Anishinabek Nation launches treaty books for students
Publications to be added to 'We are all Treaty People' teachers' kit already used in Ontario schools
To mark the start of Treaties Recognition Week, the Anishinabek Nation is launching two new elementary books to explain treaties.
The books — Alex Shares his Wampum Belt and Dakota Talks about Treaties — were written by author and educator Kelly Crawford of M'Chigeeng First Nation, Ont. The illustrations were done by artist Donald Chretien of Nipissing First Nation, Ont.
On Monday, a ceremony was held at Shawanosowe School in Whitefish River First Nation, Ont.
"We really see this as being key because as we went through school, very little has been told about First Nation history," Patrick Madahbee, grand council chief said.
"Something like this is going to be good for all the kids to learn about the real history of the development of Canada."
Learning with Lego
One story deals with a child named Alex sharing his experience of recreating the 1764 Treaty of Niagara Belt with Lego.
"That Lego kit is part of the … teacher kit that we created," Crawford said. "There's different lesson plans around that."
She said Dakota's story recounts an experience of attending the Treaty of Niagara 250th Anniversary. Crawford personally attended the event with her daughter Dakota, who was only one of three children there.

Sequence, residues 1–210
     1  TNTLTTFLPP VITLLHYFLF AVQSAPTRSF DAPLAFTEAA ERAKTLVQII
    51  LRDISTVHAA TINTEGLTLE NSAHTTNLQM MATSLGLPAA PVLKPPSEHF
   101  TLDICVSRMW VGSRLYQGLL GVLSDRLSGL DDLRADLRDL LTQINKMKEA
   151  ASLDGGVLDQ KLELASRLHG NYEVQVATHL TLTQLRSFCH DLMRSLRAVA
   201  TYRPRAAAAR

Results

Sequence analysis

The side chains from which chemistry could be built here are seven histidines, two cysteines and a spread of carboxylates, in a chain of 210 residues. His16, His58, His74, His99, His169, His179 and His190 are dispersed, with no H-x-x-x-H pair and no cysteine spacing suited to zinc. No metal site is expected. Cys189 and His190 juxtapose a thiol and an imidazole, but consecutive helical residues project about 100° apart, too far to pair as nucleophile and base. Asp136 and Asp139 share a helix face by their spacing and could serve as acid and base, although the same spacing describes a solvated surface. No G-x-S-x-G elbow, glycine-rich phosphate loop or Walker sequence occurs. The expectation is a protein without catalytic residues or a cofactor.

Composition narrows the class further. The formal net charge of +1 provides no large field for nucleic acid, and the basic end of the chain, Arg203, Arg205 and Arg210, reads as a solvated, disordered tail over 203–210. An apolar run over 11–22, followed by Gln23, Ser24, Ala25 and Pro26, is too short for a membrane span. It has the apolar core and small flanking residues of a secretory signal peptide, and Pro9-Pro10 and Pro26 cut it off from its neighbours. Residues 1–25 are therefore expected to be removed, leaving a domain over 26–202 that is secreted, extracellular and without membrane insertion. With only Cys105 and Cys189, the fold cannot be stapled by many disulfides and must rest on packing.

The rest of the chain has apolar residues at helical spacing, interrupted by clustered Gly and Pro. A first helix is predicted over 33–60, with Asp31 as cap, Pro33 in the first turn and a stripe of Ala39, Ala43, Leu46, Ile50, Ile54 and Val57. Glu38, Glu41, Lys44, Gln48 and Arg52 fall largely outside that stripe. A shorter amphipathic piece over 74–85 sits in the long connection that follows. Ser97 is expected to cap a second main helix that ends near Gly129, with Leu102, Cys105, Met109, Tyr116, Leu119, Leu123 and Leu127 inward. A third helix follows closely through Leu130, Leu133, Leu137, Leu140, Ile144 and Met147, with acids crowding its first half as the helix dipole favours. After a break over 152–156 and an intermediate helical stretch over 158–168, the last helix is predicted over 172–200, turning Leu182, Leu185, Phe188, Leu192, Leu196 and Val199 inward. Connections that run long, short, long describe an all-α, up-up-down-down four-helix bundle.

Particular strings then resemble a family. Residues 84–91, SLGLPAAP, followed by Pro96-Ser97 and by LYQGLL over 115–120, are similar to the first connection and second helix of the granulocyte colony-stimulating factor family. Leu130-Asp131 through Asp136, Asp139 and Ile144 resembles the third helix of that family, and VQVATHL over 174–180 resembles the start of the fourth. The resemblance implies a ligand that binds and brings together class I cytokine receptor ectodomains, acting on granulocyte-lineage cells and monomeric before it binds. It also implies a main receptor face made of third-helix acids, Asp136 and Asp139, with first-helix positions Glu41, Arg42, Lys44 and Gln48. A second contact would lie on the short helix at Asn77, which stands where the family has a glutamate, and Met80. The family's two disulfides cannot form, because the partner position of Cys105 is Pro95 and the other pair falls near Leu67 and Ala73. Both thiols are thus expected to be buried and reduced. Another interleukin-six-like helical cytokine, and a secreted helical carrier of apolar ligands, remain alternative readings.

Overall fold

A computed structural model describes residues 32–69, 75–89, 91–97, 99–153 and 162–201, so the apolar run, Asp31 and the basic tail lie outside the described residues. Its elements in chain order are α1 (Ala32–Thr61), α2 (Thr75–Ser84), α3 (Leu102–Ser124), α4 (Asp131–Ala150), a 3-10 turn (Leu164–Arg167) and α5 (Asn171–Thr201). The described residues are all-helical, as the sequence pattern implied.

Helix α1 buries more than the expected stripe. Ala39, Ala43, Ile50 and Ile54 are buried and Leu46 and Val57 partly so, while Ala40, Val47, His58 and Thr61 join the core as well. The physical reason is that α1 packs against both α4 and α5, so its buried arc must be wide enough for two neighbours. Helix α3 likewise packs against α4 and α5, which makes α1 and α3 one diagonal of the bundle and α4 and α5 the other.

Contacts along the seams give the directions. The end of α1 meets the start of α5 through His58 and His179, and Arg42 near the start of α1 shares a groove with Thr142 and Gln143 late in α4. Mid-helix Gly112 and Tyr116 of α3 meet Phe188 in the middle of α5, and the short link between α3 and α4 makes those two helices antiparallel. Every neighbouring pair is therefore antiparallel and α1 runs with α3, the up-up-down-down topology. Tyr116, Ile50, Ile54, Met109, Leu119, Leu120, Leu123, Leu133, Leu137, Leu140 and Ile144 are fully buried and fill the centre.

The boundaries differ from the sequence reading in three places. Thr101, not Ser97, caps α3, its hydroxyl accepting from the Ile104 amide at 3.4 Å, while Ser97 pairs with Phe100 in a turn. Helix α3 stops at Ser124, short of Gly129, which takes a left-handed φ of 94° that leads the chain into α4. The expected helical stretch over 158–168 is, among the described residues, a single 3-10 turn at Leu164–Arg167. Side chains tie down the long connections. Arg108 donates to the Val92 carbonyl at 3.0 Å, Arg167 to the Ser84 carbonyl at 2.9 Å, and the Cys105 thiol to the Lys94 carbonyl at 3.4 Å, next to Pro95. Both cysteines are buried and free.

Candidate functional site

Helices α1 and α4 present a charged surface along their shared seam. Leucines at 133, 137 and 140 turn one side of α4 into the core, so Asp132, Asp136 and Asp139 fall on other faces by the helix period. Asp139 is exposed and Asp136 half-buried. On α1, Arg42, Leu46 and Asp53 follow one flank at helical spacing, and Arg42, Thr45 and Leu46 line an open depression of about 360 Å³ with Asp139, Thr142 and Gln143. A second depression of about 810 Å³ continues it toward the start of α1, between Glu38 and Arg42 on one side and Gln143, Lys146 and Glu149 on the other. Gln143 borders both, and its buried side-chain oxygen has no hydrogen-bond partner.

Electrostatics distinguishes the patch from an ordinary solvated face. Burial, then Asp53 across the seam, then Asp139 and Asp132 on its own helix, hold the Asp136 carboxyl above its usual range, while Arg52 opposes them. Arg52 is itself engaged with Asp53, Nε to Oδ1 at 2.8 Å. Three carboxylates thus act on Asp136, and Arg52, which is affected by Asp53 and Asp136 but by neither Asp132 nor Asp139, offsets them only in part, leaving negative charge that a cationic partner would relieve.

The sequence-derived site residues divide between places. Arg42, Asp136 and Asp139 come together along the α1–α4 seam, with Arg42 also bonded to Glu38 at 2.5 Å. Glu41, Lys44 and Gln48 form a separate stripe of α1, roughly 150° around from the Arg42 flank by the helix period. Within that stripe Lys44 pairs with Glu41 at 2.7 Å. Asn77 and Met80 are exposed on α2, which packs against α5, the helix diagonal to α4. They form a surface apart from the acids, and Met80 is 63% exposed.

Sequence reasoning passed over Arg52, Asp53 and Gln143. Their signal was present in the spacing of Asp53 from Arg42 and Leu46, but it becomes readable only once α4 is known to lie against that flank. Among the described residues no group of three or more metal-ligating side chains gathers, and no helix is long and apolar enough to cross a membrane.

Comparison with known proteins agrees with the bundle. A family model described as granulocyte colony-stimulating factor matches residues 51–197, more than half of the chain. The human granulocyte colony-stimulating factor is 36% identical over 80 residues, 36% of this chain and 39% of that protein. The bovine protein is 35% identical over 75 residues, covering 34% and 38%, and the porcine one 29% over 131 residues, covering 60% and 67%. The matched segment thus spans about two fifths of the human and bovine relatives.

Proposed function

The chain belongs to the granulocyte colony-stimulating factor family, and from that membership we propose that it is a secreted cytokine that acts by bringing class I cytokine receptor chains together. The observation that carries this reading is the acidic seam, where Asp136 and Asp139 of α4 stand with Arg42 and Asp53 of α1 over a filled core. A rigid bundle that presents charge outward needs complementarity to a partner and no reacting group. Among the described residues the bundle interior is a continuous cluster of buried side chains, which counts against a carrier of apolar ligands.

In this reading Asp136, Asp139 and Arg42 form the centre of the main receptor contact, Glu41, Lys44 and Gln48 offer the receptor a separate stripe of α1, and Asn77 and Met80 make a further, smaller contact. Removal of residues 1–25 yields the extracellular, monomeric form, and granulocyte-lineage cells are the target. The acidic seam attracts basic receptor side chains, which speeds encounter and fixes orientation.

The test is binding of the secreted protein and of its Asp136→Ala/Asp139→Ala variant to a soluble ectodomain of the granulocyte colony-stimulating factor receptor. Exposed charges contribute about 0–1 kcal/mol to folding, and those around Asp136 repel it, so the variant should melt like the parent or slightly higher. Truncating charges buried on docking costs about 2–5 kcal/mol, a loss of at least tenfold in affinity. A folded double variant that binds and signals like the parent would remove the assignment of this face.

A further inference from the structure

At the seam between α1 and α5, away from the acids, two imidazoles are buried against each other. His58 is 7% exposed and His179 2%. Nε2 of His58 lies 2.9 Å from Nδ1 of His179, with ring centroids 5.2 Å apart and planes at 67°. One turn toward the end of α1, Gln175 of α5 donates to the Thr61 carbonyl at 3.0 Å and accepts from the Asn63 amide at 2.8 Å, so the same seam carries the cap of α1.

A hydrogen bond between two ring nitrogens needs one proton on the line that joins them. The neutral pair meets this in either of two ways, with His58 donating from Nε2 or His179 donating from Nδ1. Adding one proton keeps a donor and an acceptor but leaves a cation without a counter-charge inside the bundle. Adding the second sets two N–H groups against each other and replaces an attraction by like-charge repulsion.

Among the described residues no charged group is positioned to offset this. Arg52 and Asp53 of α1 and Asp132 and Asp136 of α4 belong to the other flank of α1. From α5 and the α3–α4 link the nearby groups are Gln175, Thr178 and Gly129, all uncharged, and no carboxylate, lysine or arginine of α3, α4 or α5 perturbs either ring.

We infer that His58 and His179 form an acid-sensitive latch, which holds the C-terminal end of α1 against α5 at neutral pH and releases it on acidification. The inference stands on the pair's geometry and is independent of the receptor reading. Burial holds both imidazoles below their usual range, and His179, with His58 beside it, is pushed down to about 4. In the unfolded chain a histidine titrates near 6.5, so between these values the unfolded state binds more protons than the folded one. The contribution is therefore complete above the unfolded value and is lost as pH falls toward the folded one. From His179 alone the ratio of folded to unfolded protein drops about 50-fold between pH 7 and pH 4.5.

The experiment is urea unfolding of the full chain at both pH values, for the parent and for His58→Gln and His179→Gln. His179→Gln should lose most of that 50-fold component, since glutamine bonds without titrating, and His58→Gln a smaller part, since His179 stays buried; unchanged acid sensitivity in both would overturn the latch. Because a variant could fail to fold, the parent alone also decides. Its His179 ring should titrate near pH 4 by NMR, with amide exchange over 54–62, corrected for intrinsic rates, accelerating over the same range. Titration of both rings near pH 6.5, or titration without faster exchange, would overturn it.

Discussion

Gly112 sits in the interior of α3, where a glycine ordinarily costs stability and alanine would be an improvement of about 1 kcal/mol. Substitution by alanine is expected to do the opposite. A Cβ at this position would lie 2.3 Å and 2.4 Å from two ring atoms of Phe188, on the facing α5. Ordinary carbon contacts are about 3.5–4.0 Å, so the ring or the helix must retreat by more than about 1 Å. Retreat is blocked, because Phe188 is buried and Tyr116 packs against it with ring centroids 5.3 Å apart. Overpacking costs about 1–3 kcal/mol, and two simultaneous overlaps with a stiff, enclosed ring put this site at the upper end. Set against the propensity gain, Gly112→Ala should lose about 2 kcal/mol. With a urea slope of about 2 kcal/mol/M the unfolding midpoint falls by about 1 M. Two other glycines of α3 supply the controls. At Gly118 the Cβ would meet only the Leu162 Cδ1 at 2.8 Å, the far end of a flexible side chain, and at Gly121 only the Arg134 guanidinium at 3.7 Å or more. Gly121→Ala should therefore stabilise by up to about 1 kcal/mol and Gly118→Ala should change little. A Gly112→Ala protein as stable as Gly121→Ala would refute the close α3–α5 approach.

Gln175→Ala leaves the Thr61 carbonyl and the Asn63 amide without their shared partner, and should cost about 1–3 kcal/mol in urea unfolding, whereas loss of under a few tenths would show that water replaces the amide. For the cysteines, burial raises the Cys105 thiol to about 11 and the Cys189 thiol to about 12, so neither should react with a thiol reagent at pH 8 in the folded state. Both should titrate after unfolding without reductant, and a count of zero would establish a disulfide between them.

"It was really a moment of looking at our history … and being very excited that my children could participate."
"But then I was also sad at the same time, because there were only three children present. It makes me really question how we're really looking at our history and really understanding it," Crawford said.
Adding more resources to the classroom
The Anishinabek Nation says the new books are a complement to the We are all Treaty People teachers kit that is being used by more than 2,000 English schools and 1,000 French schools in Ontario.
"These new books are great resources for elementary teachers to use in their classrooms," Madahbee said.
"It will help students at a younger age learn about the treaty relationship. Teachers will be getting out the message that treaties are legally binding and sacred agreements that set out the rights, responsibilities and relationships of First Nations and federal and provincial governments."